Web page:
Table 2. Percent change of the G-actin secondary structure peaks at the wavelength of 208 nm, 222 nm, and 218 nm in the presence of 10 nM, 25 nM, 50 nM, and 100 nM of CdSe/ZnS QDs compared to the G-actin control. Peaks at 222 nm and 208 nm represent the alpha helix structure and peaks at 218 nm represent the beta sheet structure.
Percent Change
Wavelength10 nM25 nM50 nM100 nM
222 nm34.1 ± 30.856.1 ± 17.247.7 ± 19.969.4 ± 1.5
208 nm30.4 ± 32.353.8 ± 13.854.3 ± 15.288.8 ± 2.0
218 nm32.9 ± 30.955.0 ± 17.747.3 ± 19.971.3 ± 1.9
Disclaimer/Publisher’s Note: The statements, opinions and data contained in all publications are solely those of the individual author(s) and contributor(s) and not of MDPI and/or the editor(s). MDPI and/or the editor(s) disclaim responsibility for any injury to people or property resulting from any ideas, methods, instructions or products referred to in the content.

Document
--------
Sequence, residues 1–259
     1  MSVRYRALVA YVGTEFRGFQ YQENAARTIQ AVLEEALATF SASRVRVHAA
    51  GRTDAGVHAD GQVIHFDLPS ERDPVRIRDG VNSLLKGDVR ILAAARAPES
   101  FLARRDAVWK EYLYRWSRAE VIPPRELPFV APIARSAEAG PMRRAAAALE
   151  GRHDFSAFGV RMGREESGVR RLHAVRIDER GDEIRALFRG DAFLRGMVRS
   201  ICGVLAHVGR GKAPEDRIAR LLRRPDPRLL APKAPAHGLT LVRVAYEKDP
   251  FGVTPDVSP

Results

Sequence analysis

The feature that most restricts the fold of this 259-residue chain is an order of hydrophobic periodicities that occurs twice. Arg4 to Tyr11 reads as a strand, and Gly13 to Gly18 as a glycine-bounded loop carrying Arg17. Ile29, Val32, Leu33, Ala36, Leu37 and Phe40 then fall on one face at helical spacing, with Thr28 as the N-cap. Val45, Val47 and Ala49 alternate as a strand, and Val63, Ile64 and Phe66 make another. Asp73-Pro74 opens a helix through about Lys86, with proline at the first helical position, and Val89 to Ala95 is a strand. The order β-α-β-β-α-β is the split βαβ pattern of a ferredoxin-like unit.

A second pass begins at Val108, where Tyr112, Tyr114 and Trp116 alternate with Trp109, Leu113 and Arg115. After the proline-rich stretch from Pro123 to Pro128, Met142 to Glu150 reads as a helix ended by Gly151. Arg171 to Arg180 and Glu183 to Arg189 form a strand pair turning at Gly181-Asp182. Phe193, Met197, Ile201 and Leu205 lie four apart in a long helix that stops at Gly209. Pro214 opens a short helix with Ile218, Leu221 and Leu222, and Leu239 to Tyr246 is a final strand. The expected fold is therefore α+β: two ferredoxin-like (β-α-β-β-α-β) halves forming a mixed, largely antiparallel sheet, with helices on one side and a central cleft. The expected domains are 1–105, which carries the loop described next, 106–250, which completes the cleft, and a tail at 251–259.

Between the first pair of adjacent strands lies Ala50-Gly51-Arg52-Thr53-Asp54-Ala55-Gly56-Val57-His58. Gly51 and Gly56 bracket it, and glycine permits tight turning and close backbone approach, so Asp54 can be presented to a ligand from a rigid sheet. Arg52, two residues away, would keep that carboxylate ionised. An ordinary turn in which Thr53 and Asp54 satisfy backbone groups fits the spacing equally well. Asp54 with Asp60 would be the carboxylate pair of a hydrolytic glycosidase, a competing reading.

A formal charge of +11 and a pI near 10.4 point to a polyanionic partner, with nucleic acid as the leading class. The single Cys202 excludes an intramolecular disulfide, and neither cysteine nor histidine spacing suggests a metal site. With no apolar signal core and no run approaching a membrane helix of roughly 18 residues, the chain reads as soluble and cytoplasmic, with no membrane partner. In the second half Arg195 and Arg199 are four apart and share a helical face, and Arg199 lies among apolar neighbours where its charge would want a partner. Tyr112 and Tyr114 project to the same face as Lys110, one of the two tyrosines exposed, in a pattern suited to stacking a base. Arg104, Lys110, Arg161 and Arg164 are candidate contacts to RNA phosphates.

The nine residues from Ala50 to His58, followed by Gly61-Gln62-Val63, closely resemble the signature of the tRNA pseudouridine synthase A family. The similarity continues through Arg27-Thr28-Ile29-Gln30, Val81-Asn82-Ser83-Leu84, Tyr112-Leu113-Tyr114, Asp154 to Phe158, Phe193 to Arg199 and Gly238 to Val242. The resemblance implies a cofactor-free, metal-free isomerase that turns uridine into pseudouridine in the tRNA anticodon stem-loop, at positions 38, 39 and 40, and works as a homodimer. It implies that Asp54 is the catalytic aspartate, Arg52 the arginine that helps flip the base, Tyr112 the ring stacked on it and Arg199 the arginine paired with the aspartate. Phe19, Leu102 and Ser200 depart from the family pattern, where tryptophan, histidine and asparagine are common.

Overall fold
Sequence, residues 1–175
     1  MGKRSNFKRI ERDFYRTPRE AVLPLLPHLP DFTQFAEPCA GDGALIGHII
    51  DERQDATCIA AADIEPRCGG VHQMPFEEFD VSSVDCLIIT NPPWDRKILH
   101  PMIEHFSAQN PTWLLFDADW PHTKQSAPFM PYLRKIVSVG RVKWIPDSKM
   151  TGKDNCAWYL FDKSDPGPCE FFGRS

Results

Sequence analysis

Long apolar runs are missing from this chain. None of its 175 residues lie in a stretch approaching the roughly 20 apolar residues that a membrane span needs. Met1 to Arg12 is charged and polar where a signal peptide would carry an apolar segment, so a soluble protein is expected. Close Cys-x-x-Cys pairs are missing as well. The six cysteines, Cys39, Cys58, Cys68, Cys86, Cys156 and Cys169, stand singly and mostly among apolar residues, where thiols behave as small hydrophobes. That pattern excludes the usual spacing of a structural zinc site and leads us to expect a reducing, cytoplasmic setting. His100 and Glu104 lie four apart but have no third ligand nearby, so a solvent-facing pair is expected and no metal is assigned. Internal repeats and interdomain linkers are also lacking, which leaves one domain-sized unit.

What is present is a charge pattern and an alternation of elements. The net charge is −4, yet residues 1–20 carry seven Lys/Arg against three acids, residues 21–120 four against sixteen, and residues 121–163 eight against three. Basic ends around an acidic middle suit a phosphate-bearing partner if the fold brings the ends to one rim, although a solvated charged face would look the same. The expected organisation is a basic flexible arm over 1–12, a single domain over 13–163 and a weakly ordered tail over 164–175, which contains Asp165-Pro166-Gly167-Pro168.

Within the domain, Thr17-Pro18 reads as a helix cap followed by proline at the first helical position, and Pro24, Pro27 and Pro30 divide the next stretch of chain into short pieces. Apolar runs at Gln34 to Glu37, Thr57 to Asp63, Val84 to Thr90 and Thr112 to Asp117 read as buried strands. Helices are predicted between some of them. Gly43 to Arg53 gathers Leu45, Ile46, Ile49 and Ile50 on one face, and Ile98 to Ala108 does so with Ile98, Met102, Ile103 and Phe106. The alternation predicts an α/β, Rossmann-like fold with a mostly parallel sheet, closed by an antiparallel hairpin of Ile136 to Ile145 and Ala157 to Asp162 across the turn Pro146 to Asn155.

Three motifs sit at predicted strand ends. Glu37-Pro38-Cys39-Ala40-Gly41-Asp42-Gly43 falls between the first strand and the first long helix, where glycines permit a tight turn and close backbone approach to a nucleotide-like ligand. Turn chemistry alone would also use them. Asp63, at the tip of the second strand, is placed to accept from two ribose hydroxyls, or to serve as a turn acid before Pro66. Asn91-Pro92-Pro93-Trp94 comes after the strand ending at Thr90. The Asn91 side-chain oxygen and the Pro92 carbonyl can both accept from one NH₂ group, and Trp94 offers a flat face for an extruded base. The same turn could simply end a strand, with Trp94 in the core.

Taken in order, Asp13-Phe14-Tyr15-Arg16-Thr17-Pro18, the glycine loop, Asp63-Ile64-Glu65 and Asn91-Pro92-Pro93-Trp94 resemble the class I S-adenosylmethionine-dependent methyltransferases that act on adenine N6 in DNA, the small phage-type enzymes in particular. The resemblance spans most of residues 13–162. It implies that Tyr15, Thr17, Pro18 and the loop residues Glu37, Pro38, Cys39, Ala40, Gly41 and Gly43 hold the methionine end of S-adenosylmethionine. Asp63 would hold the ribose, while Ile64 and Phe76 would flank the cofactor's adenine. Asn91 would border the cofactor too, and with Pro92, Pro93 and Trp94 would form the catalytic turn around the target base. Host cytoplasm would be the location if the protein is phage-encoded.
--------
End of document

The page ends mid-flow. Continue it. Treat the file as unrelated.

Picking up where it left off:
Share and Cite

MDPI and ACS Style

Le, N.; Chand, A.; Braun, E.; Keyes, C.; Wu, Q.; Kim, K. Interactions between Quantum Dots and G-Actin. Int. J. Mol. Sci. 2023, 24, 14760.

AMA Style

Le N, Chand A, Braun E, Keyes C, Wu Q, Kim K. Interactions between Quantum Dots and G-Actin. International Journal of Molecular Sciences. 2023; 24(19):14760.

Chicago/Turabian Style

Le, Nhi, Abhishu Chand, Emma Braun, Chloe Keyes, Qihua Wu, and Kyoungtae Kim. 2023. "Interactions between Quantum Dots and G-Actin" International Journal of Molecular Sciences 24, no. 19: 14760.

Note that from the first issue of 2016, this journal uses article numbers instead of page numbers. See further details here.

Article Metrics

Back to TopTop